Believe it or not, we now live in a world where the Washington Capitals are just one win away from a Stanley Cup. After dropping the opening game of the Stanley Cup Final, the Capitals continued their surge against the Vegas Golden Knights on Monday night, taking home a 6-2 win in D.C. As a result, the Capitals will take a 3-1 series lead back to Vegas with a chance to raise Lord Stanley for the first time in franchise history.
Here's what you need to know from Monday's Game 4.
Neal flubbed a golden opportunity early
James Neal didn't have the greatest start to his night in Washington. It started off with him missing a wide-open net and hitting iron in a baffling sequence that proved to be costly for Vegas.
Like, it couldn't have been much more wide open and he just…missed it.
It's probable that Neal was aiming far side to avoid the falling Matt Niskanen beside the Capitals' net, but…woof.
He eventually got on the board with the Knights' first goal of the night.
But that first chance was a major blown opportunity for Vegas, especially because it cost them an opportunity to seize early momentum and get a little confidence back after two straight losses.
The Capitals exploded in the first period
After Vegas narrowly missed claiming an early lead on that Neal opportunity, it was the Capitals who responded in tremendous fashion, exploding for three goals in a 10-minute span to close out the opening frame.
The scoring chances were 11-4 in Vegas' favor in that first period, but the Capitals took advantage of nearly all their opportunities to head into intermission with a 3-0 lead. They got some lucky bounces and deflections in the process, but Washington's players did a great job of corralling those fortunate bounces and turning them into results.
They say it's sometimes better to be lucky than good, and that might apply here. The Caps got a ton of good fortune, and the Knights got none. But they also say that you make your own luck ... so go ahead and pick your own narrative, I guess?
Special teams were a killer
Whenever you lose the possession game and get out-chanced, it's important to win the special teams battle. Washington certainly did that on Monday night. The Caps converted three times, including two on their first two power-play opportunities. T.J. Oshie got the first, and John Carlson got the second.
The Caps' penalty kill also went 4-for-4 on the night, although Vegas' lone strike came just seconds after a third period power play expired.
The Golden Knights had some good chances, but Washington did a great job of holding onto momentum and limiting the damage, even when they were outmanned.
Bend, don't break.
Holtby was the better goalie...again
The Golden Knights had the edge in shots (30-23) and scoring chances (31-21) in this game but Braden Holtby was a major factor in Vegas ending up on the wrong side of the scoreboard.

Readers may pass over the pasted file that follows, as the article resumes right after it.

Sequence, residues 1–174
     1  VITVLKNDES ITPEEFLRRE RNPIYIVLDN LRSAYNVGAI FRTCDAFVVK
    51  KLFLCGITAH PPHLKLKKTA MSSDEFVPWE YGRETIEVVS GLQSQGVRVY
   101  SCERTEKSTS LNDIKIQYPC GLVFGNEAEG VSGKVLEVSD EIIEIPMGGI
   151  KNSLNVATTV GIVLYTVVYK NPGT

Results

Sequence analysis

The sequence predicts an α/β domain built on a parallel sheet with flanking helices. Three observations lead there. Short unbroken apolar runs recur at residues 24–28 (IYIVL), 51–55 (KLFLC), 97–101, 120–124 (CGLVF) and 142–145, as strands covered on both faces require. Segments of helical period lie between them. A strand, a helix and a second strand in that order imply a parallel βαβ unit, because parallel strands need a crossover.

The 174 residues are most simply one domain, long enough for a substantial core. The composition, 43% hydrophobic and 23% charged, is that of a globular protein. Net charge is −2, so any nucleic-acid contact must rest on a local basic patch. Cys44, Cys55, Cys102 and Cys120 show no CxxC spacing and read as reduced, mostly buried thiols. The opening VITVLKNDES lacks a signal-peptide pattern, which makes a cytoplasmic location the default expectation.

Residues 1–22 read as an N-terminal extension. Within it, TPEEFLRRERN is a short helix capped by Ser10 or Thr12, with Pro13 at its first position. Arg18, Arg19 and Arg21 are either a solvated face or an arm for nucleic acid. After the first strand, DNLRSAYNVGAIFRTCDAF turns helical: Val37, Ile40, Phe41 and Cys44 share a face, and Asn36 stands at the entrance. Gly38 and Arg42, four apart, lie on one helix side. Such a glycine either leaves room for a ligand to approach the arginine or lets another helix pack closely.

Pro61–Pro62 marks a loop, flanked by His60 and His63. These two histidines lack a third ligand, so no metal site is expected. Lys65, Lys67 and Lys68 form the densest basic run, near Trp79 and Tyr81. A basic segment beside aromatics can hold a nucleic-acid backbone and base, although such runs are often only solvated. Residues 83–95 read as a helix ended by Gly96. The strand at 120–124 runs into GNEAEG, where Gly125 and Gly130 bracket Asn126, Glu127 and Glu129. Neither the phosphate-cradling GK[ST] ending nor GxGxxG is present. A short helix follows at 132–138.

He was especially great through the first 40 minutes and left the Knights completely frustrated when the output numbers suggested that they probably should've been winning.
Just look at this shot chart that lays out where each team's chances came from at 5-on-5 through the first two periods.
If you're not a chart master, here's what that graphic tells you: Vegas had the majority of the chances through 40, and a whole lot of their chances came in high-danger areas directly in front of the net. Still, they were completely blanked, largely because Holtby was extremely solid between the pipes.
Meanwhile, the Caps were held without a lot of high-danger chances, but they made the most of what they got. Marc-Andre Fleury still hasn't been the monster he was through the first three rounds. He stopped just 17 of 23 (.739) on Monday, bringing his save percentage down to .845 in this series. He had a .947 postseason mark heading into the series.
Oshie was a standout for Washington
T.J. Oshie had three points (a goal and two assists) for Washington and he was a dominant physical presence in this game. His willingness to throw the body in the offensive zone played a key role in both of the goals in which he had assists on.
On the first, he took out Cody Eakin, which left plenty of space for John Carlson to rip home a power play goal from the left circle.
On the second, Oshie dropped a pass to Nicklas Backstrom and then threw a reverse hit into Colin Miller, taking the Golden Knights defenseman out of the play and freeing up a passing lane to Michal Kempny for an important goal that answered a Vegas tally in the third period. Vegas revealed after the game that Miller broke his nose on the play.
It appears the Golden Knights didn't particularly care for that play by Oshie, as they went after him in the closing minutes of the game. Ryan Reaves and Brayden McNabb both tried to get a piece of Oshie, and McNabb ended up delivering a bad hit that could have ended way worse than it did. Luckily, Oshie appeared to be OK.
After that nastiness, Oshie, Reaves and Deryk Engelland were all handed misconducts for extracurricular activities. The Capitals ended up with a 5-on-3 power play, and they scored to seal the victory. Not the finish the Golden Knights were hoping for, and now they're officially fighting for their playoff lives.